You never really know where you'll end up once you begin listening to EMA's Past Life Martyred Saints. Her opening track "Gray Ships", strolls along with a lounge-luster vibe that slides into alternative rock, eventually settling somewhere in between the two. The 9-track album that follows is a constant lo-fi fusion of over-driven guitars, dissonance, distorted vocals, synthesizers, and drum machines that will keep you guessing where you're going. The best part about Past Life Martyred Saints is that you're liable to guess wrong every time—it consistently dodges expectations by miles.
The medley of music-styles EMA embeds in Past Life Martyred Saints will leave you grasping at straws in pinpointing her influences. Likeness in her sound can range from possessing the energy and harmony of Sleigh Bells, to the hoarseness of Kimya Dawson, to the subtle freak-folk sounds of Coco-Rosie. All the while each song has grittier recording quality than a Brooklyn house-party on tape. At certain points in the album, EMA even slips into that Animal Collective rawness with catchy loops and primal chanting. Musically, the best example of this is in the shortest track on the album, "Coda", with its harmonies and sticky melodies. Lyrically, this resonates most prominently in "Breakfast": "Mama's in the bedroom, don't you stop." But these similarities are in no way a reflection of unoriginality. If anything, they're a reflection of the fact that this album builds over what came before it to create something entirely new. The influences you hear are like old mantle-pieces adorning a brand new room. The inherent control EMA seems to possess over her sound renders her music with an unidentifiable hue of dark pop that seems perfectly out of place with everything that came before it.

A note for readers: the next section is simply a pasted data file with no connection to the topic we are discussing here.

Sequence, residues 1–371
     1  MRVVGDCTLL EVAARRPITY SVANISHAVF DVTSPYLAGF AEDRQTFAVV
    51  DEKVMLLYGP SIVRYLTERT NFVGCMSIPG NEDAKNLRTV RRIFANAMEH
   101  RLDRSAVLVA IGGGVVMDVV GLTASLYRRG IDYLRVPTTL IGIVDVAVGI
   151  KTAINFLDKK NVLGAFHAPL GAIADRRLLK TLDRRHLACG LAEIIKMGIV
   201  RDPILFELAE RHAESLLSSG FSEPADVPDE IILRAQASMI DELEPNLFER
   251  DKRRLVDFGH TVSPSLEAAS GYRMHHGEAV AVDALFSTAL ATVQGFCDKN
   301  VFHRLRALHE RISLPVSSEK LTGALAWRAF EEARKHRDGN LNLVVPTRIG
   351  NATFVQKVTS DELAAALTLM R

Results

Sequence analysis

EMA has a knack for hammering out the heavy guitar riffs and unloading the dissonance at all the right moments to completely rearrange a riff or chord progression, eliminating the possibly of a dull moment. There are a few places on the album where sound space becomes slightly cluttered, but it's not a recurring problem, and it's never anymore brain-bending than some of the songs off of Animal Collective's Merriweather Post Pavillion. Unlike AnCo, EMA has a layer of graininess to her sound that blankets the entire album with a warm authenticity. While its easy to attribute this factor as an expected byproduct of her lo-fi feel, the element contributes to her sound, and makes the overall listening experience much more intimate.
It's no gimmick. Even if the recording is lo-fi, which is never a bad thing, there is nothing low about the underlying quality of music EMA is pumping out. Simply put, Past Life Martyred Saints kills it.